By Susan Ott
If you have a choice of staying on to finish a degree at your current school (which you may not be satisfied with) or moving on to a new college or university, you’ll naturally be concerned about getting the benefit of all the schoolwork you’ve already put in.
Will you lose your credits if you change schools, and will have to start over with your studies? There’s no blanket answer, but transferring colleges is, in many cases, a lot easier than students expect. Schools, particularly online colleges that cater largely to adults, want your business, so most are willing to work with you to transfer as many credits as possible to help you succeed. Below are some key factors that may affect your ability to apply the credits you’ve got to a new degree program.
Click here for a list of online colleges and universities that accept large credit transfers
Years Between Enrollment
The longer you’ve been out of school, the more potential there is to have to take certain courses over again. Some schools have general policy of not accepting credits which are 10 years old or older. The good news is that you can often petition a school and get them to accept credits that they initially turned down.
The other side of the coin is that in many majors, the basic information that’s being taught has evolved and changed over time. This is particularly true in engineering and technology-based majors, where things can change drastically in just a few years. It’s also true, however, that knowledge changes in other course areas from business to education, and that even in these non-science majors, you may find that credits for at least some of you old classes may not be accepted in transfer if you have been out of school for a decade. More classic humanities classes like English literature or American history don’t change as much, and you’ll probably find it easier to transfer credits in those types of subjects, no matter how long ago you took them. The bottom line is that, no matter how long ago you went to school, you should make your best effort to transfer as many credits as possible from your old school. More on how to do that successfully here
Choice of Major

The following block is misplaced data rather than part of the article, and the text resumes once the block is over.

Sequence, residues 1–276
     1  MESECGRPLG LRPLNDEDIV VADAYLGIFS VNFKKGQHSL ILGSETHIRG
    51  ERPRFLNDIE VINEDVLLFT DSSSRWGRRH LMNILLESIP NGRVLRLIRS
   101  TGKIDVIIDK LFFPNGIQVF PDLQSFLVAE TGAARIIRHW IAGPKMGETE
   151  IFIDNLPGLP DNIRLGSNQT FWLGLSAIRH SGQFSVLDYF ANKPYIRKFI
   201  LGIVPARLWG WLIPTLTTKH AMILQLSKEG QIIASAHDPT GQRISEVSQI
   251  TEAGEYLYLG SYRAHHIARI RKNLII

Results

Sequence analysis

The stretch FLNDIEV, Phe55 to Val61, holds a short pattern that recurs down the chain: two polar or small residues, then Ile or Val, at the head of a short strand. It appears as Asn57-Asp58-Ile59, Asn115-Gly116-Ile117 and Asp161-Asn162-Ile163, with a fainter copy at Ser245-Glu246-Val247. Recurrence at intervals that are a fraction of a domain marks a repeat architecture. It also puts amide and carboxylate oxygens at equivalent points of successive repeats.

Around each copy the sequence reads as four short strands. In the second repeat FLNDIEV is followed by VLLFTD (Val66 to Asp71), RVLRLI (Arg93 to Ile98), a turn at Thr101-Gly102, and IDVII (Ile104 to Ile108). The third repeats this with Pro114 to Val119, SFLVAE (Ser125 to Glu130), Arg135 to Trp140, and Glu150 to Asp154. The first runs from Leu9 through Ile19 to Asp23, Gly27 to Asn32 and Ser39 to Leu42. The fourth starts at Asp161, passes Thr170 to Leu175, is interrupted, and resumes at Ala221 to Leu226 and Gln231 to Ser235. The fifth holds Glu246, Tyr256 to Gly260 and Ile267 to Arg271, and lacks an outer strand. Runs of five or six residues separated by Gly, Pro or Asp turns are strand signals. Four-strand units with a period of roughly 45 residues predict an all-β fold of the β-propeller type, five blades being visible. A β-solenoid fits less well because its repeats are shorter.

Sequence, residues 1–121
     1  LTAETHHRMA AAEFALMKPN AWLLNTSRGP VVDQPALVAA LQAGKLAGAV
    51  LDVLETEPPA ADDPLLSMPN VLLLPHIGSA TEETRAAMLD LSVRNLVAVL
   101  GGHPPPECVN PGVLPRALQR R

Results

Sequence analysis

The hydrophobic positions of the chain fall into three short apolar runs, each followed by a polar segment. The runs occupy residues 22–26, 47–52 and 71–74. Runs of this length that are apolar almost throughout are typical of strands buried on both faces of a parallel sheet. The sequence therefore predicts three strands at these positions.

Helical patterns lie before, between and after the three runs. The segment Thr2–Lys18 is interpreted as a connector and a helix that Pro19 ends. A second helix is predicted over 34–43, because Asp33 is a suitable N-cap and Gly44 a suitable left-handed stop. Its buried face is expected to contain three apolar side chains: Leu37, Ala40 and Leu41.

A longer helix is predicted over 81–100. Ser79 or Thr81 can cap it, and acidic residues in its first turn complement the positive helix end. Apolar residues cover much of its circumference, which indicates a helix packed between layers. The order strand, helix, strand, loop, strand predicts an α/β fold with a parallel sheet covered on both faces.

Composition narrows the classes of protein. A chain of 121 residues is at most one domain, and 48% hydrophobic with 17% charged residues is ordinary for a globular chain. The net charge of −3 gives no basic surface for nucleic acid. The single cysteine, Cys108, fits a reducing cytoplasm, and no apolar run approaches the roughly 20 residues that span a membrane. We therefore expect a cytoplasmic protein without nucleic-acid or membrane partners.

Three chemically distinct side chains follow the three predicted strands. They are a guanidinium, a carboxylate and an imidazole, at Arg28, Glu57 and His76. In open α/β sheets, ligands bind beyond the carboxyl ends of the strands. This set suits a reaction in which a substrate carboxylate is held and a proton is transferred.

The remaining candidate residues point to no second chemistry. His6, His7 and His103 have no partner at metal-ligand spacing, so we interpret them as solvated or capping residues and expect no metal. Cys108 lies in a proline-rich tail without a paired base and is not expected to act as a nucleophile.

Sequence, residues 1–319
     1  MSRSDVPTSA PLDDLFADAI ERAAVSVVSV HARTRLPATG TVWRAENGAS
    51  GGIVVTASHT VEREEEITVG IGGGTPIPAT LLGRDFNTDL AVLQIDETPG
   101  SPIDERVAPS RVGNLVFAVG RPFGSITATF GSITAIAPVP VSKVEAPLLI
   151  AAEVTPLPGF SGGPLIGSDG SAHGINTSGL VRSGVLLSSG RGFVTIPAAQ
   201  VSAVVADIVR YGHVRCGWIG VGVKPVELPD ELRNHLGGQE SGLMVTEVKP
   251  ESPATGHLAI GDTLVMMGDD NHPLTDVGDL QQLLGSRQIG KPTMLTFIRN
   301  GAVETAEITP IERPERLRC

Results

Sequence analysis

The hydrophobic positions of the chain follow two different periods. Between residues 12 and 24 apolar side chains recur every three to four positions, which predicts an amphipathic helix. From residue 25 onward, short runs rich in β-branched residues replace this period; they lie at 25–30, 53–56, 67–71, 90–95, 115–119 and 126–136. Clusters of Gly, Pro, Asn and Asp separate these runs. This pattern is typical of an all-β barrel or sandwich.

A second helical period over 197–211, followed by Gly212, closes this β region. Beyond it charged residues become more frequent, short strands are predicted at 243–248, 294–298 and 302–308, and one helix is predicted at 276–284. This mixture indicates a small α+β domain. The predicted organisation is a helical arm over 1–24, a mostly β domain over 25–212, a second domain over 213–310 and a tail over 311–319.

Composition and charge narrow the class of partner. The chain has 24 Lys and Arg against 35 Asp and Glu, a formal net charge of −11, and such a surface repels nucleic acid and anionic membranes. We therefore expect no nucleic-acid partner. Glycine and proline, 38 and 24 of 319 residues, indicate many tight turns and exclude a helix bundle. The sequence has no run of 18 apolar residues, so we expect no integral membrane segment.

If the major for your new degree choice is different than your original major, you may not be able to transfer quite as many credits. General education classes that almost all students take, as well as many basic electives, should transfer in most cases. But core courses related to your old major probably won’t count toward a degree in a new subject area. For example, if you were a biology major and you’re now switching to accounting, credits for your old math courses should count toward your new degree. Your old science courses, however, may not (this would hold true even if you’re changing majors within the school you’re at now). A new course of study requires new knowledge and skills, so some previous coursework just may not be useful.
Past Academic Performance
Many adults transferring colleges worry about the grades and test scores they earned in the past. But your old academic record may be less important that you think. While solid high school grades and SAT or ACT scores may be needed to get you into a good college the first time around, your new school may pay little or no attention to these scores, depending on how long ago you graduated high school. Colleges that accept adult students tend to base credit transfer decisions more on the grades you earned in specific college courses and the work experience you’ve gained while out of school.
If a course is relevant to your new school and major, you need only have earned a C or higher for that credit to transfer at many schools (though you want to check this one – there are schools out there that only accept credit transfer where you earned a B). Generally speaking, the overall grade average you had at our old school is not viewed as terribly important. Schools look more at individual course grades when it comes to credit transfer.
Additionally, once you’re accepted into your new school, you start your GPA with a clean slate — your previous grades don’t follow you. If your GPA was less than you’d hoped the first time around, you get a second chance to build the academic record you’ve always wanted.
Losing a couple of credits in the transfer process isn’t great, but it pales in comparison to the pain of staying on to finish a degree program that’s either in the wrong category for you, or at a school you don’t like. Fortunately, nowadays many students find the process of transferring colleges to be easier than expected. Schools are frequently willing to work with students to make the process as smooth, and to transfer in as many credits as possible.